Building the Scratchbuilt USS Enterprise:

Secondary Hull

The next step was to make mold sections of each plug. Using a piece of thick plate glass works well in providing an absolutely flat surface to work on when molding and casting. Making "wells" around the plugs makes sure the fiberglass resin doesn't run all over the place.

The final step was to cast again the inside surface of these half molds to reproduce the smooth side out. These half sections in fiberglass were assembled, now hollow and look identical to the original solid pieces. All outer hull sections were not glued together but rather were chemically welded together with fiberglass cloth saturated in resin.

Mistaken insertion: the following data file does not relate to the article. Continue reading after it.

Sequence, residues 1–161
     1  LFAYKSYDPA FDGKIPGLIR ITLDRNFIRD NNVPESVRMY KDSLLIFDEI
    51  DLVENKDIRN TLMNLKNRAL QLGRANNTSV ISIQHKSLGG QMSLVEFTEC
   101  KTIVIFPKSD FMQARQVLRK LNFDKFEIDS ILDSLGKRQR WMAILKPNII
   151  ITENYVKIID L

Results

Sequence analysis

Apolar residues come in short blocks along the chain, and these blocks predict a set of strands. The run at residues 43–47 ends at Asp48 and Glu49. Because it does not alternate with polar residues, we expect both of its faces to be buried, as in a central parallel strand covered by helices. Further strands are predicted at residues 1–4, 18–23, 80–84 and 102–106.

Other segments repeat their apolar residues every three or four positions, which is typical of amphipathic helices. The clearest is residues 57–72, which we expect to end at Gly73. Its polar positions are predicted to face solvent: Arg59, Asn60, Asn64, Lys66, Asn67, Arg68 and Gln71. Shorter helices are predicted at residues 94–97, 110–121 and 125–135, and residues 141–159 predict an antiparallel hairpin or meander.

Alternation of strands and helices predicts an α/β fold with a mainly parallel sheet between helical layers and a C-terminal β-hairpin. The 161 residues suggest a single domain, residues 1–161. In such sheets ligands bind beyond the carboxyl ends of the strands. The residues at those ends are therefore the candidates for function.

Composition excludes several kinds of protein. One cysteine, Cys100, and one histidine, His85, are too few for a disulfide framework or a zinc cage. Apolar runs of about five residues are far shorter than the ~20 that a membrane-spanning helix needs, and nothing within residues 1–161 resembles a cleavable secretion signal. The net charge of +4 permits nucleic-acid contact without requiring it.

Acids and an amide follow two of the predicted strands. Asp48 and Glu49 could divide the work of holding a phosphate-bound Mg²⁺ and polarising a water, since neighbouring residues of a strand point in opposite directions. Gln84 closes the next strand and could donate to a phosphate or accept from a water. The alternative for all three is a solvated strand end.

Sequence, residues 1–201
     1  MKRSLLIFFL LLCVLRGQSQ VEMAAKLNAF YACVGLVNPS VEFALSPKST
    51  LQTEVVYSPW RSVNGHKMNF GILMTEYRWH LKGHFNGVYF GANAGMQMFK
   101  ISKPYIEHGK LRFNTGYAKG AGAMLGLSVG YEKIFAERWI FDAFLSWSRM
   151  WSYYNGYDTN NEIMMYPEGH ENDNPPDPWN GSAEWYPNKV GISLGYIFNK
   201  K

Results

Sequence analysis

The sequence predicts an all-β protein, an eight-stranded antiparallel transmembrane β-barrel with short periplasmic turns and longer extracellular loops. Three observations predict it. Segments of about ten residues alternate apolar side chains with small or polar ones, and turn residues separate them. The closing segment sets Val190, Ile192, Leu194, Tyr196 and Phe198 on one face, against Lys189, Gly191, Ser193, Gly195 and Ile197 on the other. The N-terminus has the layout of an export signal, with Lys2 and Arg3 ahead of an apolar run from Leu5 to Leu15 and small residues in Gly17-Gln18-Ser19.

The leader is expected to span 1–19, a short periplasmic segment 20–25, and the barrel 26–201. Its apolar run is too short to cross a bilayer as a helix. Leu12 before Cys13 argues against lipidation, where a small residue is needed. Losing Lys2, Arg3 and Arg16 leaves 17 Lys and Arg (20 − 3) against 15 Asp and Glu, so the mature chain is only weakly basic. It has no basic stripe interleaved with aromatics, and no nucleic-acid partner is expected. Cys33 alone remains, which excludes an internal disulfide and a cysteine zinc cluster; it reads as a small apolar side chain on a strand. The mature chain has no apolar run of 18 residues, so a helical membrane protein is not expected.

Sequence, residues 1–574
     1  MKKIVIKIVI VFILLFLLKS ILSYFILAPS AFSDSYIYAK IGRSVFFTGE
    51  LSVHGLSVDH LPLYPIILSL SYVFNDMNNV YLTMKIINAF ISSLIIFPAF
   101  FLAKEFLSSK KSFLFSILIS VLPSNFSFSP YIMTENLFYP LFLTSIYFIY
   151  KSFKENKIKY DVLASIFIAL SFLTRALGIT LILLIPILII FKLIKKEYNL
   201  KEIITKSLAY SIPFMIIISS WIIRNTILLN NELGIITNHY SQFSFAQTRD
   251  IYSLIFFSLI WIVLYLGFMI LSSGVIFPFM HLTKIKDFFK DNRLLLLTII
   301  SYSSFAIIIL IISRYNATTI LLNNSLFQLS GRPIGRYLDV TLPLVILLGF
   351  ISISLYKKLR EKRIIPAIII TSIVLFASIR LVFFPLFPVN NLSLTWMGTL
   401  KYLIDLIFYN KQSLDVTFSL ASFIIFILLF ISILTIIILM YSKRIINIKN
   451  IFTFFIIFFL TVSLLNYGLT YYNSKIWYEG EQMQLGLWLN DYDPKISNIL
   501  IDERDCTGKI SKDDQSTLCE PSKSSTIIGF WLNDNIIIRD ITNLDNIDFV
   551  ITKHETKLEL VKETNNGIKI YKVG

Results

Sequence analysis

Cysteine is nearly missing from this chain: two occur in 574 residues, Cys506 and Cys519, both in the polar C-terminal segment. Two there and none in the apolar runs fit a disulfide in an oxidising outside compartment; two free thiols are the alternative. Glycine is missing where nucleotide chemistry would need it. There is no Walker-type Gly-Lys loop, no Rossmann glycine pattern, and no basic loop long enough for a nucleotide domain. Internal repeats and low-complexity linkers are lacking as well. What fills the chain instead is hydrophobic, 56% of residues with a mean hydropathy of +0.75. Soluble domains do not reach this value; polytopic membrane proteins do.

All windows are white opaque tinted clear resin and are chemically bonded to the hull. This ensures that the main casting material of the windows is chemically the same as the material that makes up the hull.

Different materials have different properties. Parts fabricated from wood, plastic, fiberglass, etc., all react differently to things like temperature, moisture and such. Wood can shrink/expand or even twist, which if in a model also made of fiberglass or plastic could cause warping or cracks to develop.

As much of the model was made from just fiberglass for this reason—to help preserve the model long-term.
There are numerous hidden access points to facilitate the easy changing of interior bulbs. One of them is the half-round shuttlebay hangar door.

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Warp Nacelles >>

Assembly >>

Painting >>


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